Built in the mid-20th century with a pared-back art deco style, the two-storey house is currently rented long-term by an American tech worker, who hired studio founder Gray to improve the interiors with the owners’ permission.
Combining antique Mexican design pieces with those by contemporary Mexican artists and designers, the aim was to create a home that felt rooted in its place.
“It is a place where playfulness and restraint in design happily coexist, and a source of relaxation and inner peace for the inhabitant,” said Gray.
The 154-square-metre property is shaded by large trees on the avenue outside, preventing much natural light from entering some of the rooms.
Embracing the dark and moody atmosphere, the designer chose colours and textures that would make the spaces feel “masculine, rich, and interesting”.
“I wanted to create a space that was functional, comfortable, masculine and dynamic,” Gray said. “It had to feel both a bit unexpected, and approachable. I strove to reflect quiet luxury and a sense of richness through the colors and materials.”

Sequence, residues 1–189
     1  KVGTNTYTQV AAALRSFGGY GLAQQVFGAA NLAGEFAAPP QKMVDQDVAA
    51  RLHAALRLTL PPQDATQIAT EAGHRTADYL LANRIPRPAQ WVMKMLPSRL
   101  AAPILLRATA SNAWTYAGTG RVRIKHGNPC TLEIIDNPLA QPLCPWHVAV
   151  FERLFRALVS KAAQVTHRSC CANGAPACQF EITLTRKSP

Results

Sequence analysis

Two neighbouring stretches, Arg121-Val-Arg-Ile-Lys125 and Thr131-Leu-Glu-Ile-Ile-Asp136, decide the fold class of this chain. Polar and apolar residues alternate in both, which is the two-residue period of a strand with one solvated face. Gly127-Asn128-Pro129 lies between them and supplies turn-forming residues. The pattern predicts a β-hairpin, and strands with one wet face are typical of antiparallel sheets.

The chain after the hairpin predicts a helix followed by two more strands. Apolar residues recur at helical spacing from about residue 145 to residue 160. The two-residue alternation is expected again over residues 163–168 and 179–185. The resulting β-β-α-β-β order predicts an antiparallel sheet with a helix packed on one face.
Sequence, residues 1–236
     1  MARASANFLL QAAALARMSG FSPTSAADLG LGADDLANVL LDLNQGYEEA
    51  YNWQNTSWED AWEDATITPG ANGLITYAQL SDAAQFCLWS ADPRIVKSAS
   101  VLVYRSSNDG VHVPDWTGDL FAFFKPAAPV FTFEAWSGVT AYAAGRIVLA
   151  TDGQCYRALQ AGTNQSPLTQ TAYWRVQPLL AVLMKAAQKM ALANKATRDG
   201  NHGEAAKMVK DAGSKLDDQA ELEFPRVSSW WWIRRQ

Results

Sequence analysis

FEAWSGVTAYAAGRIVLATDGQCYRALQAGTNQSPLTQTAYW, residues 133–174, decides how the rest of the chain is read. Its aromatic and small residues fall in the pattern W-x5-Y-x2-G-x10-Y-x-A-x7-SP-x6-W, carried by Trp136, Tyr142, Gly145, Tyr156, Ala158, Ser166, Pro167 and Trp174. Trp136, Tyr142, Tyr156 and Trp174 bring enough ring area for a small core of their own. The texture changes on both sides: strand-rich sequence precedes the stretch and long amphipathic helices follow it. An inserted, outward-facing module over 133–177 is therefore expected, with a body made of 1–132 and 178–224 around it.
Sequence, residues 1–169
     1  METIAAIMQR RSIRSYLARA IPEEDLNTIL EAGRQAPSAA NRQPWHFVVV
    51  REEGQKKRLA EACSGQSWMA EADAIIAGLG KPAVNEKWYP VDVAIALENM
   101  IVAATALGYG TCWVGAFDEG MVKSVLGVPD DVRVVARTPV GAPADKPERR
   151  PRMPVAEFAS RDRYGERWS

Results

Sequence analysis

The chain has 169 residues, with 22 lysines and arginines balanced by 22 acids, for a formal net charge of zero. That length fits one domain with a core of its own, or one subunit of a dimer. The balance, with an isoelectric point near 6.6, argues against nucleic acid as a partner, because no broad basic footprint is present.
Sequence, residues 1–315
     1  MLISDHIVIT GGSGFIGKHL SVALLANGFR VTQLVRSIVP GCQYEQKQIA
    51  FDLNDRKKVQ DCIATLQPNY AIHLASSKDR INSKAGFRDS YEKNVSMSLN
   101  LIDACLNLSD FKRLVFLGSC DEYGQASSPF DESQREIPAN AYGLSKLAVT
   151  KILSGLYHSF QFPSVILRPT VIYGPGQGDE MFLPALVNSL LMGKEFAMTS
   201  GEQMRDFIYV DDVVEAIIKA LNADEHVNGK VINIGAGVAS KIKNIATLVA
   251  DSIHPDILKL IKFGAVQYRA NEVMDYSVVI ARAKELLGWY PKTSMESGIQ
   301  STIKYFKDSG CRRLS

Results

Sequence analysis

Dark green walls and ceiling envelop the upper-floor library, where the fabric of a Bastiano two-seater sofa by Tobia Scarpa and plants add variations on the hue.
Meanwhile, the primary bedroom was covered in brown textured plasterwork, complemented by a leather headboard, and green linen bedding and curtains.
In other spaces, a variety of off-white plaster finishes sit in contrast to dark furniture – much of which is made from warm-toned red cedar.
“I think red cedar pairs beautifully with the green tones in the house,” said Gray. “In Mexican spaces, you tend to see a lot of either very pale wood, tzalam or walnut, and I liked the idea of using a medium red-toned wood instead.”
One of the most dramatic interventions involved coating the original sculptural staircase in indigo-pigmented concrete.
A custom dining table was built from a quartzite slab, which is flecked and veined with colours found across the home.
Upstairs, an office is outfitted with a restored vintage desk by Clara Porset for DM Nacional, and a Brno chair by Mies van der Rohe and Lilly Reich.
European oak floors were laid throughout the interior, while furniture by Roberto Michelsen was placed on the roof deck.
A variety of artwork and smaller accessories bring the design together, but adding these touches turned out to be the designer’s biggest challenge.
“It’s a very oddly-shaped house,” said Gray. “I don’t think there is a single straight wall in the whole house.”
“Every wall and room is at an angle, so at times positioning furniture and art in a way that felt natural and correct was challenging,” she added.
Mexico City’s historic Colonia Condesa is a popular place to live for locals and long-term visitors alike, thanks in part to its rich architecture.
The photography is by Fabian Martinez.
Interior design: Chloé Mason Gray
Interior finishings application: Marco Villa Mateos